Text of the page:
The Politics of Günter Grass

The Politics of Günter Grass 129 by Michael Harrington

Words Into Skin by Laurence Lieberman 131

The Landscape of Madness by William Jay Smith 133

The Peripatetic Reviewer by Edward Weeks 134

No Thrills, Lotta Laughs by Dan Wakefield 140

Ormandy’s Orchestra by Herbert Kupferberg 142

Short Reviews: Records by Herbert Kupferberg 144

Short Reviews: Books by Phoebe Adams 145

by Michael Harrington

Günter Grass is best known to Americans as the most serious comic genius of the postwar period, a Rabelaisian surrealist who has incarnated the Hitler years and their frantic aftermath in profound fantasies. That, one might say, is accomplishment enough, for it places him in the very front rank of the contemporary imagination. Yet, as his new collection of essays, Speak Out!, makes clear, Grass is more than a brilliant writer; he is probably a great one. He also represents the very best of the German democratic tradition. It can be said without exaggeration that Günter Grass and men like him are the only hope that Germany will finally transcend the terrible, and still unresolved, heritage of Nazism.

Moreover, if the political content of his essays is important for an understanding of the almost quarter of a century since the fall of the Third Reich, it is particularly relevant to the present and immediate future. For German democracy is now challenged by militant, youthful critics on the confrontation left who insist that parliaments and elections are a hoax, and by a resurgent right with strong ties to the Nazi past in the National Democratic Party. And, at the very same time, Walter Ulbricht’s “Democratic Republic" has joined with the Russians in the imperialist suppression of the Czechoslovakian freedom movement and thus helped to reintroduce the mood of cold war into Central Europe. Under these circumstances, Günter Grass’s insights take on an imperative urgency.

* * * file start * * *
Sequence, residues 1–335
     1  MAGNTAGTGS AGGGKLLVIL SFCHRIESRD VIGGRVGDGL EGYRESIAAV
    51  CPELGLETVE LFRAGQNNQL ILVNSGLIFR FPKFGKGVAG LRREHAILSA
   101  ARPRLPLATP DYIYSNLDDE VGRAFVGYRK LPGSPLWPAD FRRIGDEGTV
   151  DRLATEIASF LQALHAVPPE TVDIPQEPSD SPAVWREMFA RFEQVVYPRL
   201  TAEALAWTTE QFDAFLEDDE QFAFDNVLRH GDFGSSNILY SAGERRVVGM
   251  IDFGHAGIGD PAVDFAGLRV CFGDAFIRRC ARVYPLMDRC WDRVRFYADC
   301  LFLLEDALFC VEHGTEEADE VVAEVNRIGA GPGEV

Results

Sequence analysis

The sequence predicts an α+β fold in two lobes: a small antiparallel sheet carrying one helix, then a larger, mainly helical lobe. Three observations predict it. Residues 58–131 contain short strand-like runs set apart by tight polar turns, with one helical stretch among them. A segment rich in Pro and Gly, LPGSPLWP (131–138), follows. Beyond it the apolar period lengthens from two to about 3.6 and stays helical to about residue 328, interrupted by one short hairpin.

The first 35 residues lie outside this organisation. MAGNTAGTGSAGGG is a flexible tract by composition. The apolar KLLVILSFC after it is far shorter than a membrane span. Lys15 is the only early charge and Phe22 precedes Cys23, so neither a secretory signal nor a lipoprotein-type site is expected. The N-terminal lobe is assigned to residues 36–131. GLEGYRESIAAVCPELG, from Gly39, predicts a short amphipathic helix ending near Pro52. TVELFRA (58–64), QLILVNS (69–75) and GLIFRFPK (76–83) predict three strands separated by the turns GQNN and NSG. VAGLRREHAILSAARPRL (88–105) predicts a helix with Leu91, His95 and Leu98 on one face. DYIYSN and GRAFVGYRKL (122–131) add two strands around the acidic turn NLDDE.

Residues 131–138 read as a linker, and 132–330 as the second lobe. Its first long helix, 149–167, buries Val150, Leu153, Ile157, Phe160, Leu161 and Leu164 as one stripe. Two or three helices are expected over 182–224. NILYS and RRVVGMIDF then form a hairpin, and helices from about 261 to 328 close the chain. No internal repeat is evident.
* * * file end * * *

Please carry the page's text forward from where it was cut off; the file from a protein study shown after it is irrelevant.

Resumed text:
Grass, as he himself recounts in his “Speech to a Young Voter,” was born in Danzig in 1927. At fourteen he was a member of the Hitler Youth, by seventeen he was serving in the Panzers, and at eighteen he was in an American prisoner-of-war camp. It was then that he began to understand the crimes which his generation committed in the name of the future. “When I was nineteen,'’ he writes, “I began to have an inkling of the guilt our people had knowingly and unknowingly accumulated, of the burden of responsibility which my generation and the next would have to bear.”

So Günter Grass is not the “good German” who seeks to avoid any responsibility for the Nazi horrors by claiming that he did not know about them. He voluntarily assumes a tragic responsibility for crimes which he did not himself commit but in which he feels himself, and his country, implicated. And it is that clear and moral rejection of the unspeakable horrors of Hitlerism which makes him an opponent of the established powers in both Germanys and, indeed, throughout the world.

For that matter, Grass’s summary survey of postwar politics posits a sort of symbiotic relationship between capitalist West and Communist East:

For, more than twenty years every attempt to free Western democracy from its reactionary straitjacket was defamed as open Communism—or crypto-Communism. The anti-Communism. enthroned in the West is the greatest triumph Communism could have achieved. It struck keensighted democrats blind. . . . This explains why parliamentary democracies have supported a corrupt feudal system in Persia, this is what made it possible for the anachronistic dictators of Spain and Portugal to stand side by side with Konrad Adenauer on the platform of anticommunism; while today the United States and its sullen satellites support the dictator Ky merely because he calls himself an anti-Communist, just as the Soviet Union and its equally sullen satellites support the dictator Nasser merely because he represents himself as socialist, anticapitalist, anti-imperialist. . .. A corrupted Communism that has developed into a dictatorship of the bureaucracy is confronted by democracies whose parliaments are subservient to lobbies, whose formerly free elections have more and more become a farce.

Günter Grass has applied these uncompromising critical categories to his own country. Americans who thought of Germany as an “economic miracle” in which God, capitalism, and anti-Communism triumphed have been shocked and surprised by some of the events of the past several years: riots on the left and electoral progress by the neoNazi right.

As an active participant in his country’s democratic left—the Social Democratic Party (SPD) —Grass, as these essays show, was aware of these disturbing, even explosive, tendencies all along.